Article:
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Gut-brain axis: how the microbiome influences anxiety and depression.
Trends Neurosci. 2013 May; 36(5):305-12.TN

Abstract

Within the first few days of life, humans are colonized by commensal intestinal microbiota. Here, we review recent findings showing that microbiota are important in normal healthy brain function. We also discuss the relation between stress and microbiota, and how alterations in microbiota influence stress-related behaviors. New studies show that bacteria, including commensal, probiotic, and pathogenic bacteria, in the gastrointestinal (GI) tract can activate neural pathways and central nervous system (CNS) signaling systems. Ongoing and future animal and clinical studies aimed at understanding the microbiota-gut-brain axis may provide novel approaches for prevention and treatment of mental illness, including anxiety and depression.

Authors+Show Affiliations

Department of Psychiatry and Behavioural Neurosciences, McMaster University, at St. Joseph's Healthcare, 50 Charlton Ave. E, T3308, Hamilton, ON, L8N 4A6, Canada. jfoster@mcmaster.caNo affiliation info available

Pub Type(s)

Journal Article
Research Support, Non-U.S. Gov't
Review

Language

eng

PubMed ID

23384445

Citation

Foster, Jane A., and Karen-Anne McVey Neufeld. "Gut-brain Axis: How the Microbiome Influences Anxiety and Depression." Trends in Neurosciences, vol. 36, no. 5, 2013, pp. 305-12.
Foster JA, McVey Neufeld KA. Gut-brain axis: how the microbiome influences anxiety and depression. Trends Neurosci. 2013;36(5):305-12.
Foster, J. A., & McVey Neufeld, K. A. (2013). Gut-brain axis: how the microbiome influences anxiety and depression. Trends in Neurosciences, 36(5), 305-12. https://doi.org/10.1016/j.tins.2013.01.005
Foster JA, McVey Neufeld KA. Gut-brain Axis: How the Microbiome Influences Anxiety and Depression. Trends Neurosci. 2013;36(5):305-12. PubMed PMID: 23384445.
* Article titles in AMA citation format should be in sentence-case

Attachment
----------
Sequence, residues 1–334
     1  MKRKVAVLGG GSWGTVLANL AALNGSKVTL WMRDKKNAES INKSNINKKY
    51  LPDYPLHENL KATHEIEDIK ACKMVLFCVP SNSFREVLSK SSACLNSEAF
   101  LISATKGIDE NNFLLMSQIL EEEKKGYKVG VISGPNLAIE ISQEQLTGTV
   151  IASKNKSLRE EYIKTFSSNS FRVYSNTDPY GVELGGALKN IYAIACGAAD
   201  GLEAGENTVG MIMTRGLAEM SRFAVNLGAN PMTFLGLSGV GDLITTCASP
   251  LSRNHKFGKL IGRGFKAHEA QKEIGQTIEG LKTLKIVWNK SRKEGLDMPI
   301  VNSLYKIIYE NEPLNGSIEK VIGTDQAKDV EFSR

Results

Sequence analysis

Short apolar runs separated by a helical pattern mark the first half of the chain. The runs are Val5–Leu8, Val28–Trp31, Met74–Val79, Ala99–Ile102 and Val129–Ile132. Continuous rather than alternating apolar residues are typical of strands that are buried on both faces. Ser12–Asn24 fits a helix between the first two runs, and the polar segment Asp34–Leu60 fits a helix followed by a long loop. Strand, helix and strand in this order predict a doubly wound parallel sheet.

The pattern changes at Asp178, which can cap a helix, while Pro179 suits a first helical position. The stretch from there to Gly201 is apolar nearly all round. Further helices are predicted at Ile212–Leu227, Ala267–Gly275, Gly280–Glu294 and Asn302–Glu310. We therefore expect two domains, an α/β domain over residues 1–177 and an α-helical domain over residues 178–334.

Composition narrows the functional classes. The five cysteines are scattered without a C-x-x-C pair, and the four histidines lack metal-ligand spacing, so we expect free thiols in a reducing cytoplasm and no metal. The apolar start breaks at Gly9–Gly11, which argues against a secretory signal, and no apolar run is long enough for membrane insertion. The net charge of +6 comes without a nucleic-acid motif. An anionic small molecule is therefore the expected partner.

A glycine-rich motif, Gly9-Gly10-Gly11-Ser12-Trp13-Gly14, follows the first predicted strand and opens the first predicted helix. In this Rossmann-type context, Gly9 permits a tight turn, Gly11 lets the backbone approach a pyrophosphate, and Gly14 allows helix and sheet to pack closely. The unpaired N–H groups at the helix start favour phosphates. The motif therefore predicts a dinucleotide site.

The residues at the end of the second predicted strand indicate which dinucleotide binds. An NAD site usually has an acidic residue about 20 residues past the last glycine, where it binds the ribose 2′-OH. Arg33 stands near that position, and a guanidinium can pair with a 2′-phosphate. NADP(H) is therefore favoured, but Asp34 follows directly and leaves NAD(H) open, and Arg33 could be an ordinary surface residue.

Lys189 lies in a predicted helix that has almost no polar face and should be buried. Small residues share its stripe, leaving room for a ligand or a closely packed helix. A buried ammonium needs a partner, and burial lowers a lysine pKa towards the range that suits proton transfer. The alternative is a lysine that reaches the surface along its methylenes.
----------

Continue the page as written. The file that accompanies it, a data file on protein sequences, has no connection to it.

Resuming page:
TY - JOUR T1 - Gut-brain axis: how the microbiome influences anxiety and depression. AU - Foster,Jane A, AU - McVey Neufeld,Karen-Anne, Y1 - 2013/02/04/ PY - 2012/06/29/received PY - 2012/12/27/revised PY - 2013/01/07/accepted PY - 2013/2/7/entrez PY - 2013/2/7/pubmed PY - 2013/12/19/medline SP - 305 EP - 12 JF - Trends in neurosciences JO - Trends Neurosci VL - 36 IS - 5 N2 - Within the first few days of life, humans are colonized by commensal intestinal microbiota. Here, we review recent findings showing that microbiota are important in normal healthy brain function. We also discuss the relation between stress and microbiota, and how alterations in microbiota influence stress-related behaviors. New studies show that bacteria, including commensal, probiotic, and pathogenic bacteria, in the gastrointestinal (GI) tract can activate neural pathways and central nervous system (CNS) signaling systems. Ongoing and future animal and clinical studies aimed at understanding the microbiota-gut-brain axis may provide novel approaches for prevention and treatment of mental illness, including anxiety and depression. SN - 1878-108X UR - https://www.unboundmedicine.com/medline/citation/23384445/Gut_brain_axis:_how_the_microbiome_influences_anxiety_and_depression_ L2 - https://linkinghub.elsevier.com/retrieve/pii/S0166-2236(13)00008-8 DB - PRIME DP - Unbound Medicine ER -